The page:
- For those who might have studied a little bit and who want to really try and give the pilot a hard time, it won’t take long for the trained pilot (ie, the person who does this all day, every day) to prove that the amateur is completely out of his depth. Eventually those types fade away and go back to their seat as well.
- For the passenger who looks in and just decides to run around screaming that the plane is going to crash everyone on the plane is going to die, while disturbing the first time it happens, if the cockpit is open for everyone to see, he will be quickly debunked. And, most importantly, that person will be branded as unreliable. So the next time he attempts something like that, the likelihood of anyone paying attention to him is quite small
How do you do it?
There’s several things you can do right now to begin the shift into a more transparent culture. Some of the items in the list below are easy fixes, some of them will require a significant amount of time, reorganization, or even a completely new set of tools to implement. Rest assured though, all of them have dramatic payoffs almost immediately after implementation.
- Cross train IT leaders in the business – The more your IT staff knows about the day to day operations of the business the more they will relate to and come up with innovative ways to solve the real problems and inefficiencies within the business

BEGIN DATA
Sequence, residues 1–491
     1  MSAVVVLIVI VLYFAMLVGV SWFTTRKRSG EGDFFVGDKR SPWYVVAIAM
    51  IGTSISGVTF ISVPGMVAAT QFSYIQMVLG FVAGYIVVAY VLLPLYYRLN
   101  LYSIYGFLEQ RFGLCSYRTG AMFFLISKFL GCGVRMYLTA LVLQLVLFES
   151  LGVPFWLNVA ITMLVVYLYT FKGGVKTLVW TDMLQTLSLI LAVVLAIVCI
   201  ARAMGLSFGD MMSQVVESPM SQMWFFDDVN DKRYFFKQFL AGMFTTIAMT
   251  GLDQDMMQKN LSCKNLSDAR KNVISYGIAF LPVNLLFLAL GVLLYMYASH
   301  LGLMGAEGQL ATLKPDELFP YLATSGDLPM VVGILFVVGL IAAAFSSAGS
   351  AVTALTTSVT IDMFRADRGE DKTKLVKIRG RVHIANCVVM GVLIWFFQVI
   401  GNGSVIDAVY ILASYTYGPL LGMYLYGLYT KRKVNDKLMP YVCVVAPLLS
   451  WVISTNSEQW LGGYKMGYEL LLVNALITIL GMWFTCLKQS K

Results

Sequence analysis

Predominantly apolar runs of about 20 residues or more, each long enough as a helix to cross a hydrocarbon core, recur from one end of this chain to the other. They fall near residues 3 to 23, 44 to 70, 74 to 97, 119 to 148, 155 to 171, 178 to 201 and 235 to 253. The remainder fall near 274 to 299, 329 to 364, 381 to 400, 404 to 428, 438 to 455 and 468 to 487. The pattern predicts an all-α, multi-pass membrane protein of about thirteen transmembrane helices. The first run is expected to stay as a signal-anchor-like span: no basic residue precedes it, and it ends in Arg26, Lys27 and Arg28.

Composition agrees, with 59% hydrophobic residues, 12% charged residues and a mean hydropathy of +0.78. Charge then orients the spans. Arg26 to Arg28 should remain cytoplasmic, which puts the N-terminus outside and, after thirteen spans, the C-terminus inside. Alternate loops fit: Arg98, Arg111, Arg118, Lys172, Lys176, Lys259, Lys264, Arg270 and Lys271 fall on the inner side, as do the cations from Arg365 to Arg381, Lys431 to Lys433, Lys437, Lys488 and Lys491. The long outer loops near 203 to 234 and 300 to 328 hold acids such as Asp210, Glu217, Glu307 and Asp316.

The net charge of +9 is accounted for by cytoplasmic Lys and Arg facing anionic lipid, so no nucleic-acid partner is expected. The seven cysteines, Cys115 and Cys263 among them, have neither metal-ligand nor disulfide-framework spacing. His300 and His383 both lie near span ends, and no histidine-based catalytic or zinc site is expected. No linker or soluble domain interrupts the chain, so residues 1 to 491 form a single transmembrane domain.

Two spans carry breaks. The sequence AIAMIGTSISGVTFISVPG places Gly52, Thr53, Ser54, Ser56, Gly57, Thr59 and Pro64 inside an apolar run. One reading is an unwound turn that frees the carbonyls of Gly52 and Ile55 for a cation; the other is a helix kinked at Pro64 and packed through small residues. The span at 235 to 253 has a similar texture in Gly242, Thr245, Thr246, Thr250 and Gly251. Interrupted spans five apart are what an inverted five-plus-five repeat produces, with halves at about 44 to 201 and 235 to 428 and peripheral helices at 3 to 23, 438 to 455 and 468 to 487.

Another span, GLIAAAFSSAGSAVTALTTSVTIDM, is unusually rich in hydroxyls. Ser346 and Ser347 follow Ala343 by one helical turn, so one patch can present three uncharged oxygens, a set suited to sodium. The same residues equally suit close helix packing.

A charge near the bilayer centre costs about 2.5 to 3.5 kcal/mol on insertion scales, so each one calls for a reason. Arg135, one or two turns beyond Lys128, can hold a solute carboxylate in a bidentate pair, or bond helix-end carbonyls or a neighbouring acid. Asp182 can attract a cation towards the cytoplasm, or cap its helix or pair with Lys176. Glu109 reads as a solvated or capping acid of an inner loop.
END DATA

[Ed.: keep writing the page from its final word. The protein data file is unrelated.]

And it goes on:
- Implement a centralized, public dashboard – Public meaning available to any employee, not to the outside world. This puts all the information out there for consumption and allows trust to be built across all the teams
- Convert or remove the people in the way of transparency – If they are just someone who is more old-school then they will see the benefits when showed to them. If they are against transparency despite the clear benefits, then they likely are hiding something. This will allow you to make the decisions to remove the people who aren’t interested in the company, but only interested in keeping their own kingdom
- Be vigilant! – The road to transparency isn’t an easy one. It is easy to fall back into the secretive traps, most times innocently. Keep on top of each other to make sure it doesn’t happen
The fact is, a shop that isn’t transparent will foster distrust. That distrust leads to gossip, bickering, and lots of other things that take the focus away from the real goal of the organization. Namely, service the customers you have and have a great year in review season. There are consulting firms out there that can help you realize these goals. And while InsightETE is certainly one of them (and yes… probably the best out there!) the purpose of this blog is not to sell our services, but to educate you on why they are so valuable whether you get them from us or not. So, give transparency a shot. You’ve gotten far despite not having it, see how far you get when you remove that drag.
ABOUT THE AUTHOR
Matthew Bradford has been in the I.T. Performance Business for 15 years and has been critical to the success of many Fortune 500 Performance Management groups. He is currently the CTO of InsightETE, an I.T. Performance Management company specializing in passive monitoring and big data analytics with a focus on real business metrics.